Branch is sure Bartlett felt out of place when he first joined the program. But as Bartlett started to get comfortable, Branch took notice of the way he interacted with his teammates.
“He’s spoken up and been really supportive when guys are maybe struggling with something,” Bartlett said. “He’s running out to them and in their ear and telling them to keep it up, you can do it. It’s pretty cool to see that. We don’t have enough of that.
“Wrestling and football are different sports. With wrestling really largely being considered an individual sport, you don’t see a lot of supportive chatter. It’s kind of like, worry about yourself. I think he brings the team aspect. I’m sure it’s such a different environment than football. You can see he feels comfortable with his teammates, supporting them. That’s something you don’t get enough of.”
Bartlett gives the Huskies’ coaching staff much of the credit. The lessons he learned at UW — even one as simple as keeping the locker room clean — are now being passed on to a young Cowboys’ team that includes 11 true freshmen.
“(UW’s coaches) had such an impact on my life in general,” Bartlett said. “There were so many times when I was helping to coach high school football, whatever it is, and I’m like, ‘You could never do that at Washington’ and by that I mean like, I would never do that now. There’s a lot of things that I’m like, that’s not right.”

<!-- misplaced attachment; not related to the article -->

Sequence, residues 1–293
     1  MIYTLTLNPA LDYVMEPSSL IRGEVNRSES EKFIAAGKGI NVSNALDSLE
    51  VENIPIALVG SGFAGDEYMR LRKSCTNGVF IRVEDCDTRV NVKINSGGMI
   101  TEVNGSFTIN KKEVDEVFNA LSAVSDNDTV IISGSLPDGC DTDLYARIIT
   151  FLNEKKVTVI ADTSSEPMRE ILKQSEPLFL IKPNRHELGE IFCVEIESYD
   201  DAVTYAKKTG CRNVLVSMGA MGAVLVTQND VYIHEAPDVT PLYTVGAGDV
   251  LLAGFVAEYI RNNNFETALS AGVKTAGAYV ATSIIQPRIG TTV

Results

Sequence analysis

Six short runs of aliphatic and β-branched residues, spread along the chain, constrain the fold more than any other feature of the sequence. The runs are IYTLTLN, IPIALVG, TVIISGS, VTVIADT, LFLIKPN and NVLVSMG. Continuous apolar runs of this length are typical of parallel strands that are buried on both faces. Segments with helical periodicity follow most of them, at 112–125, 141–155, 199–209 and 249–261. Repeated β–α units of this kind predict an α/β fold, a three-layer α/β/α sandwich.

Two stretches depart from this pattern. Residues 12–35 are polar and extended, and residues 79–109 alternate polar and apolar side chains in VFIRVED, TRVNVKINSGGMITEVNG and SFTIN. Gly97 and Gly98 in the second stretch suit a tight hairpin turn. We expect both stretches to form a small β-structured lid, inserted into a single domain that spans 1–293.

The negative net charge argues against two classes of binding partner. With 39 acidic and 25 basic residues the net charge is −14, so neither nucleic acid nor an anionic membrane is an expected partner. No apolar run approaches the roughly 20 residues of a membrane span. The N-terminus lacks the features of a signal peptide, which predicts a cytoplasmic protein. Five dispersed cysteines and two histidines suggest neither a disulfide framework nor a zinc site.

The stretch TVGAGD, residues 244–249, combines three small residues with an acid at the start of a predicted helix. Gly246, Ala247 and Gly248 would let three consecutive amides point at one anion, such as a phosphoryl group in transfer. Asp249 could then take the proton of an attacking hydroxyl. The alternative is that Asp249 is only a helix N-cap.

‘It just leaves such a mark’
The son of two educators, Bartlett has long understood the importance of academics. At UW, he earned his undergraduate degree in education, communities and organizations and was a two-time Academic All-Pac-12 first-team selection. Eventually, he wants to be an athletic director and a coach.
But Bartlett’s agent is still inquiring with NFL teams. Bartlett could get a call next week or never, and there’s no way for him to know.
It can be a frustrating process, especially since Bartlett felt good about his pro day performance at UW. After a Tennessee Titans coach put Bartlett and former Husky linebacker Ben Burr-Kirven through drills, he told Bartlett he knew he could play. But while Burr-Kirven was drafted by the Seattle Seahawks, Bartlett was never signed. He’s gotten good feedback, but every workout has ended with a plane ticket back home.
“It’s a fickle business,” Bartlett said. “It is a business. It’s just part of it. I saw so many guys that have been out of college for a year, a year and a half, two years that were at those minicamps and I saw probably three or four of them get signed just because they knew what they were doing. They were seasoned.”
If a similar opportunity comes around for Bartlett, he’ll take it. If it doesn’t? Well, that’s why he has contingency plans. If football never pans out, he’d be interested in becoming a graduate assistant while working on another degree.
But right now, for just one more season, he’s a wrestler again.
“People that go through wrestling, it just leaves such a mark on you that it’s hard to turn your back on it completely,” Bartlett said. “Even if I was like, that was the hardest thing I never want to step foot on another mat, it means something different to you if you’ve done it.”